Telework Will Change Our Cities, and (Maybe) Our Politics
With the end of the Covid-19 pandemic in sight, how might our adaptions to work and life in this time influence our future? As an urban economist, this is near to my heart. How will increased teleworking, particularly among white collar workers, might our cities? Here are my top 3 changes to watch for.
1) More workers are thinking of moving
The US labor force is about 160 million working adults. Our best estimate is that about 3 million workers were teleworking full time prior to the pandemic. According CNBC, post pandemic, about 10% “are planning to relocate to a new U.S. City or region.” This change is not isolated to just the big companies like Amazon or Facebook. Over half of smaller firms are planning for more remote workers. Those most affected by increased teleworking are the 64 million white collars workers according to the numbers from the BLS.
Put simply, well over one third of the white-collar workforce may work from home in a few years, compared to less than one in ten today. Such a move would have enormous implications for cities. Bigger cities would likely see the biggest changes. Newly remote workers relocate away from the high-cost urban cores of cities. This is already seen in survey data from United Van Lines, a moving company.
2) Pollution might get worse, not better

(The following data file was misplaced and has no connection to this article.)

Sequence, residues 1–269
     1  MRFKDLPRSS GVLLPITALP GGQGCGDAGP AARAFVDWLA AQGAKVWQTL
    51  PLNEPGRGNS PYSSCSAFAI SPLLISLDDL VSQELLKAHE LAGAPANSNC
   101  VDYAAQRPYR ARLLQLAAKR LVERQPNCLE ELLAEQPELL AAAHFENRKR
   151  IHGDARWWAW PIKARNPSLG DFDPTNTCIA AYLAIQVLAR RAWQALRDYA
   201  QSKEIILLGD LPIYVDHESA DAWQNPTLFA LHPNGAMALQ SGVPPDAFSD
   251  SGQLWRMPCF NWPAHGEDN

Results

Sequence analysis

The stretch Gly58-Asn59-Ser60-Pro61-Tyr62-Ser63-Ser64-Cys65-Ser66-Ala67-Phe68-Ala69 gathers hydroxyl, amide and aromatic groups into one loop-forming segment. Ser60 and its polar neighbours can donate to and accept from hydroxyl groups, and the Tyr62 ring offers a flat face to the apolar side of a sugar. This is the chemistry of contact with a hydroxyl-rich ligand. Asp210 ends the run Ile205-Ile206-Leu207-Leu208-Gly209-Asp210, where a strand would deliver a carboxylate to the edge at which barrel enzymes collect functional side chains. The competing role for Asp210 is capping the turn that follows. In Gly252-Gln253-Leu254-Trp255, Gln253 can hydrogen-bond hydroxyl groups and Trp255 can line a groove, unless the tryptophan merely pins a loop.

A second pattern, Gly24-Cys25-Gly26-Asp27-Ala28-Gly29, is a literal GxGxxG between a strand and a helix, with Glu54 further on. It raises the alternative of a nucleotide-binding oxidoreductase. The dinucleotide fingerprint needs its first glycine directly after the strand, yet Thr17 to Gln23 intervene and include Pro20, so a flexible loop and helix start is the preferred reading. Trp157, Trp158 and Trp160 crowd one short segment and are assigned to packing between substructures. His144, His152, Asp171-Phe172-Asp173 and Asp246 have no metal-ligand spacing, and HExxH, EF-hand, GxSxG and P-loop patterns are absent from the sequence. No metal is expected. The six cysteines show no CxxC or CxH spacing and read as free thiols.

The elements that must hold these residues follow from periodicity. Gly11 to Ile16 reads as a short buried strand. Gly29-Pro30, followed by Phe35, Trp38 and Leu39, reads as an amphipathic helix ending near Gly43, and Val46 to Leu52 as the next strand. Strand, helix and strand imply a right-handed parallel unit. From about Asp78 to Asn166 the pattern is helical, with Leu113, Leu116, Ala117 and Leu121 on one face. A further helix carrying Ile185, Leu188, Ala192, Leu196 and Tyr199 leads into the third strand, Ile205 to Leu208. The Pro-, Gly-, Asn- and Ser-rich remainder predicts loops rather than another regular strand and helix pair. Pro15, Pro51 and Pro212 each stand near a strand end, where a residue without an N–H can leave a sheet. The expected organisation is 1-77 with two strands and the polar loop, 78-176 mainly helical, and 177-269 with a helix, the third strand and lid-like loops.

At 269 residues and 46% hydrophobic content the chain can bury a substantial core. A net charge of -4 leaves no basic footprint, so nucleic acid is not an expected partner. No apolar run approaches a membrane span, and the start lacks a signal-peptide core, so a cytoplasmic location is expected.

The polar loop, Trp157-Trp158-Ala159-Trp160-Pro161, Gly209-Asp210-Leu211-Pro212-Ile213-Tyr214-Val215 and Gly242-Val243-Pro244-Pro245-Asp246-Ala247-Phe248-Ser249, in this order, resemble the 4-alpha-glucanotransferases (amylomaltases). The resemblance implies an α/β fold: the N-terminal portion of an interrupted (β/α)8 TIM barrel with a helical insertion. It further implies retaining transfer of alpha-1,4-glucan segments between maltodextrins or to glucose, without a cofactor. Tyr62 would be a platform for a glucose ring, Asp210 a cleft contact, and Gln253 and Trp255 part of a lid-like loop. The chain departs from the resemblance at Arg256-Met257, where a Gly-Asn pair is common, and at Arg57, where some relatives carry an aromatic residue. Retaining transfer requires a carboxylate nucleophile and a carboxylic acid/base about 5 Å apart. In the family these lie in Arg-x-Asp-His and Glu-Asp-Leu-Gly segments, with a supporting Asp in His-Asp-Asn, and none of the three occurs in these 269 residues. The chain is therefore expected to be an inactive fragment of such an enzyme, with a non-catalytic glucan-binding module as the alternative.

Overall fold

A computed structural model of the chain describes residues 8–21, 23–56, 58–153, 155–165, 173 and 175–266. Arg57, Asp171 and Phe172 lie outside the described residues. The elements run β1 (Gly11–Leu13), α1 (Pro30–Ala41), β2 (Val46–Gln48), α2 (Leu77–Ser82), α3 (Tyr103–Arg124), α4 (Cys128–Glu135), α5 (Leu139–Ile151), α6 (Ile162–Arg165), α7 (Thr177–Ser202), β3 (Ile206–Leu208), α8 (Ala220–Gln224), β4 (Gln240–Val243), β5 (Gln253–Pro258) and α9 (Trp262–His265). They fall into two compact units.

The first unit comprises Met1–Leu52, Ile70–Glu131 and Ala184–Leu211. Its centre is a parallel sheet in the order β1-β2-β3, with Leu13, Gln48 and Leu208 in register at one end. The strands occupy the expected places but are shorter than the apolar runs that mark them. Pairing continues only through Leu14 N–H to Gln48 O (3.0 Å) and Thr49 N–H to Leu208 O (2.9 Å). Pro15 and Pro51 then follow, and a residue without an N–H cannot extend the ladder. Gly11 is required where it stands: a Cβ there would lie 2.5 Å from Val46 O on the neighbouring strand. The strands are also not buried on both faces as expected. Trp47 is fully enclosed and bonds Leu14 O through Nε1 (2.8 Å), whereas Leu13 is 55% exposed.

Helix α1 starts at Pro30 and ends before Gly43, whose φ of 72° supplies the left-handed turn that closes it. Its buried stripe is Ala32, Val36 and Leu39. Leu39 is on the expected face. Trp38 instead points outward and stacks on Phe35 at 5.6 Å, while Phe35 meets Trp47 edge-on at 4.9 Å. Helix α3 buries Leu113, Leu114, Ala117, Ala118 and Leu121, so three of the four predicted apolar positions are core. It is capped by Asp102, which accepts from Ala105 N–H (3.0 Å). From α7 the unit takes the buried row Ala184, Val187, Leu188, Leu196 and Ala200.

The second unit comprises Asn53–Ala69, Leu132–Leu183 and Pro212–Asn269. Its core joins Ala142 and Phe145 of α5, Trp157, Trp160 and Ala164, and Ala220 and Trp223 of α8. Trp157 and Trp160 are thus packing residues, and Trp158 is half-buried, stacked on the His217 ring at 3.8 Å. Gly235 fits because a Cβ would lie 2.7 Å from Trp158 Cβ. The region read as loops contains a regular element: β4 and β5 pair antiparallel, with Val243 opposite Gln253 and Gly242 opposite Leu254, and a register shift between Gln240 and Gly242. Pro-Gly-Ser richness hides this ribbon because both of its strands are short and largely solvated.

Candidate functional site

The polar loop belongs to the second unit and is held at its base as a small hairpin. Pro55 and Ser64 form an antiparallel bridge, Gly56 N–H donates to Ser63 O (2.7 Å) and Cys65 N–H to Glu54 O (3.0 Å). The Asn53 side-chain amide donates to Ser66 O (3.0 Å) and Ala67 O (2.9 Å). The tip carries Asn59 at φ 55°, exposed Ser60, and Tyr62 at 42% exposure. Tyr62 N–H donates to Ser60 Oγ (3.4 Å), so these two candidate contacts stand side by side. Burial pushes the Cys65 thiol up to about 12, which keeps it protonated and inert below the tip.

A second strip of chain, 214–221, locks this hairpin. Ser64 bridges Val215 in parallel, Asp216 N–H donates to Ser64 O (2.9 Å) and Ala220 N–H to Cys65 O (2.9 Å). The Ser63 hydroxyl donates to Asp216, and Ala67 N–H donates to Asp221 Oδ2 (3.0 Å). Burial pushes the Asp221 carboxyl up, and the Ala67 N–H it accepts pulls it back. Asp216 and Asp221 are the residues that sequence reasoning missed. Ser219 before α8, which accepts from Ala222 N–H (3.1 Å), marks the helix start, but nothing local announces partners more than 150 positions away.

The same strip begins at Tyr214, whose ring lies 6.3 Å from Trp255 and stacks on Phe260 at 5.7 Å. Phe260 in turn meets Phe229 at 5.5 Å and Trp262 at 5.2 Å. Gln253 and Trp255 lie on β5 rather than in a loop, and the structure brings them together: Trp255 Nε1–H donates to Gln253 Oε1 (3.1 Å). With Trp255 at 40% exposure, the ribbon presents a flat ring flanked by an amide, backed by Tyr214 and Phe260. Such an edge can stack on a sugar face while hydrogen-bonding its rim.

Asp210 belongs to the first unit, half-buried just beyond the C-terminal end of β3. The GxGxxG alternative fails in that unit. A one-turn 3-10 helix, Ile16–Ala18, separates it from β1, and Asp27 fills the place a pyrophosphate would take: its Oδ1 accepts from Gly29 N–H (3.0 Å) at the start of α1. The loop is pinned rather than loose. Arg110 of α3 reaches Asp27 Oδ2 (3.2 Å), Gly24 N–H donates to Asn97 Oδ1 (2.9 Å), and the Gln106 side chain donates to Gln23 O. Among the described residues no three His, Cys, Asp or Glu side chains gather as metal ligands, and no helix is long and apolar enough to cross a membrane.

My friend Will Larson finds that increased telework may not reduce pollution. Local government must change zoning and land use regulation if it wants to reduce the negative impacts that telework may bring.
3) More workers will live further from their jobs, increasing sprawl
Urban economist Jed Kolko believes that the post 2008 housing market was about workers living closer to work. Post pandemic, Kolko expects there will be a permanent increase in telework and thus a reversal of this pattern. More and more, people will live further from their office. Policymakers will have to grapple with the effects of increased teleworking. Mass transit options may see financial strain. Urban economists also expect that sprawl will increase. Recent work by Delventhal and Parkhomenko finds that workers will move further away. This should make intuitive sense.
If we live close to our job, which is most likely downtown for these types of workers facing increased telework options, we pay higher housing costs in exchange for lower commuting time. Further, workers will move from large coastal cities to smaller interior cities, which would reinforce the current political realignment of suburbs ongoing. Nothing in politics is ever permanent, and the unpacking of Democratic voters in urban areas to suburban or exurban polities presents opportunities and risks to both major parties.